0. Introduction

We used the following technologies:

  • JDK 1.8;
  • Maven 3.5.2;
  • Postgres 9.6;
  • Hibernate 5.2.10;
  • Jetty 9.4.8;
  • Jersey 2.27.

As a framework, we took NaB 3.5.0 from hh. Firstly, it is used in HeadHunter, and secondly, it contains jetty, jersey, hibernate, embedded postgres out of the box, which is written on the githabe. Let me briefly clarify for beginners: jetty is a web server that identifies clients and organizes sessions for each of them; jersey - a framework that helps to conveniently create a RESTful service; hibernate - ORM to simplify work with the database; maven is a java project builder.
I will show a simple example of how to work with it. I created a small test repositoryIn which he added two entities: a user and a resume, as well as resources for creating and receiving them with the OneToMany / ManyToOne connection. To launch it is enough to clone the repository and run mvn clean install exec: java in the project root. Before commenting on the code, I’ll tell you about the structure of our service. It looks like this:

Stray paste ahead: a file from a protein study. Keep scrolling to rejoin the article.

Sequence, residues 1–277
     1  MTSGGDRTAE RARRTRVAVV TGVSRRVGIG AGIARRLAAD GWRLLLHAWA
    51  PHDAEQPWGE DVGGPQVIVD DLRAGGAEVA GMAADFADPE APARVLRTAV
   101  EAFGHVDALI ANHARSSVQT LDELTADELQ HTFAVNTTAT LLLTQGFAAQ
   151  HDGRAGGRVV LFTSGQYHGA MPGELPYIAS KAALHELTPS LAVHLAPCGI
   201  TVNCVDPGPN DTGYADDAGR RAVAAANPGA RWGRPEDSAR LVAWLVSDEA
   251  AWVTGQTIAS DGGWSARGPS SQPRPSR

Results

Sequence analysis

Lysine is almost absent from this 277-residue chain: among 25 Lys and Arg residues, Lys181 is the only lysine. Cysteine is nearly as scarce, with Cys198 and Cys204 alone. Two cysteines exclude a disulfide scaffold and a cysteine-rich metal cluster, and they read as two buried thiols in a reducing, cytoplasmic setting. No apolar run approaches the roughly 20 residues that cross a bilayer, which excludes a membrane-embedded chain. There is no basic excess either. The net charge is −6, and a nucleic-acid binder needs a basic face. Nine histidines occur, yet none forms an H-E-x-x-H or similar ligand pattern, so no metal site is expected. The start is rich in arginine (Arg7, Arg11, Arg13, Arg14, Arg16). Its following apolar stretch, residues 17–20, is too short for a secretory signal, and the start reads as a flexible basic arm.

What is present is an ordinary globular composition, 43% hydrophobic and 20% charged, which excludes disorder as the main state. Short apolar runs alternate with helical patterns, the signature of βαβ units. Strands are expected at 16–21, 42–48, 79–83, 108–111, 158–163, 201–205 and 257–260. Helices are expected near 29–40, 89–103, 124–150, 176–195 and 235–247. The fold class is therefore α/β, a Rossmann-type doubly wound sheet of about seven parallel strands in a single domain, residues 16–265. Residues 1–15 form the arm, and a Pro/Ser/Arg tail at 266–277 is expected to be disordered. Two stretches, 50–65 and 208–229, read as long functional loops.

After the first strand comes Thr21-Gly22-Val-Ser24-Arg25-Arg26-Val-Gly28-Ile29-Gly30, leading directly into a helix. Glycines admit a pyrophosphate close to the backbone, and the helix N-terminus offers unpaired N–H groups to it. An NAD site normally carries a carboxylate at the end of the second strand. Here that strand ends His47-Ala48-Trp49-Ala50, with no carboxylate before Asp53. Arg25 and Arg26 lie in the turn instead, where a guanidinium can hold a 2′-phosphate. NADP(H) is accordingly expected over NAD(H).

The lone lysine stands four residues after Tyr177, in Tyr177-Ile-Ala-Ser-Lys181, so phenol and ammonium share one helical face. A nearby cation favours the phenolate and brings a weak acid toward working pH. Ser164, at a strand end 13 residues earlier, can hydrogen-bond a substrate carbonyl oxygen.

Main directories:

  • Services is the main directory in the application; all business logic is stored here. In other places working with data without good reason should not be.
  • Resources - URL handlers, the layer between services and the frontend. Here validation of incoming data and conversion of outgoing data are allowed, but not business logic.
  • Dao (Data Access Object) - the layer between the base and services. Tao must contain only fundamental basic operations: add, read, update, delete one / all.
  • Entity - objects that ORM exchanges with the base. As a rule, they correspond directly to the tables and must contain all the fields as the entity in the database with the corresponding types.